I asked this man about so many things. I was so hungry for conversation with someone who understood me, someone who could lessen the burden of my ever-present worries, someone who could help me process my feelings of isolation (after all, I did just break up with my boyfriend). I have never focused so hard on a conversation in my life. I was eating it all up, soaking in as much information from this man as I possibly could.
John is a nomad. He admitted to me he had no place he actually called home. He's been somewhat of a "lost boy" all his life... relying only on himself and the few friends he made wherever he went. He told me he has never truly felt attached to anything until his son came along. Having been exposed to so many people and so many vastly different cultures, he has no sense of national pride, no "stances" on anything, no die-hard opinions about anything... he's just an in-between kind of guy. So, I posed this question to a man who has seen more and knows more than most: do you think you can ever know too much? Do you think we are meant to be born in one place and love it and call it home forever? Do you think if we see too much and inevitably erase everything we've ever regarded as true we might permanently fuck up our hard-wiring? Can we ever be happy when we go back to start our "real" lives?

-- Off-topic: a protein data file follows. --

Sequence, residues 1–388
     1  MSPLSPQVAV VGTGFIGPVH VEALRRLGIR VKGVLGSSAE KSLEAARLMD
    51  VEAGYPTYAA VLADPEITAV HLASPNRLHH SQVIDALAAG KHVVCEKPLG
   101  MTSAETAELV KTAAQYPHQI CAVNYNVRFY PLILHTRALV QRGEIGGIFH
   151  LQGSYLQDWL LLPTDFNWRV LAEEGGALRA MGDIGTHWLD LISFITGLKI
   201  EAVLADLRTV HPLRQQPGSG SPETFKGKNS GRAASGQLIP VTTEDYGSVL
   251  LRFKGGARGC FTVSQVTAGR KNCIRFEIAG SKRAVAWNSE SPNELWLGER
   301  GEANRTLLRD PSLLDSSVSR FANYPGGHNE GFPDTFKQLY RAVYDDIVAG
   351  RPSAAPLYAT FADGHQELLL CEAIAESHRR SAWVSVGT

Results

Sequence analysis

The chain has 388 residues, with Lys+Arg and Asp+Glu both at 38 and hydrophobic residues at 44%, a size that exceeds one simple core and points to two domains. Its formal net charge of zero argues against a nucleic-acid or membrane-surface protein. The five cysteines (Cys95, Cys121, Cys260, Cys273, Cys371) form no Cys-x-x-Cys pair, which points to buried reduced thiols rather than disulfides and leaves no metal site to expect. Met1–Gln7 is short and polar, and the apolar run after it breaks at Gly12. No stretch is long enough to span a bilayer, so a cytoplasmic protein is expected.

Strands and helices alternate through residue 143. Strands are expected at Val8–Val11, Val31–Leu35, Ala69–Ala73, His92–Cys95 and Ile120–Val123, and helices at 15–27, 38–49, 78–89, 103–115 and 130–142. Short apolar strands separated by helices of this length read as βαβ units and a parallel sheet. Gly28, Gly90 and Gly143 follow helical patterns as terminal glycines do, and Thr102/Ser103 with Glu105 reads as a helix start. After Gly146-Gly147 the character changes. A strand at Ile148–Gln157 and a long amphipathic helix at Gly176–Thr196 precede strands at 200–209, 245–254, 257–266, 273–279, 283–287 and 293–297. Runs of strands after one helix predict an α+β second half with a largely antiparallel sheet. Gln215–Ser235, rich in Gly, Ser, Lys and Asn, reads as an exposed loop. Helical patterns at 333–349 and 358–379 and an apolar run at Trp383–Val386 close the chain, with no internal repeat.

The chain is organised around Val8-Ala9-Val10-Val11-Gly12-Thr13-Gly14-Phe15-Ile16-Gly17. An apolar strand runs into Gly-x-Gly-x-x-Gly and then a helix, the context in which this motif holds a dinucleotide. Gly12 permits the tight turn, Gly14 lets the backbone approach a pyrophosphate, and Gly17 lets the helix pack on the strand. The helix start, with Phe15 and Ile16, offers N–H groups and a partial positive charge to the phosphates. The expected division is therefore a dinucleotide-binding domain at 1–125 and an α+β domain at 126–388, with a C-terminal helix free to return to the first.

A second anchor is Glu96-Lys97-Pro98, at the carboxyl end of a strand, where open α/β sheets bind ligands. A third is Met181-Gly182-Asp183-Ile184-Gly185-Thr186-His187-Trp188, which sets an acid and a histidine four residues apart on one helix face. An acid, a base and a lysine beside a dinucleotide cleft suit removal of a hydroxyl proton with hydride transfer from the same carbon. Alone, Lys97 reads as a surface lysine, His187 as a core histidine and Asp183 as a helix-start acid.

Basically, I've been worried about my ability to simplify things. I think I've lost it. My brain has been feeling much like my messy room right now. I don't know how to find anything, where to put anything, or how it even got that way. John seemed to understand this all too well. You don't know how to identify with anything anymore because you're so far from home and yet you're such a stranger in your current environment. Nothing fits. You're a limbo kid.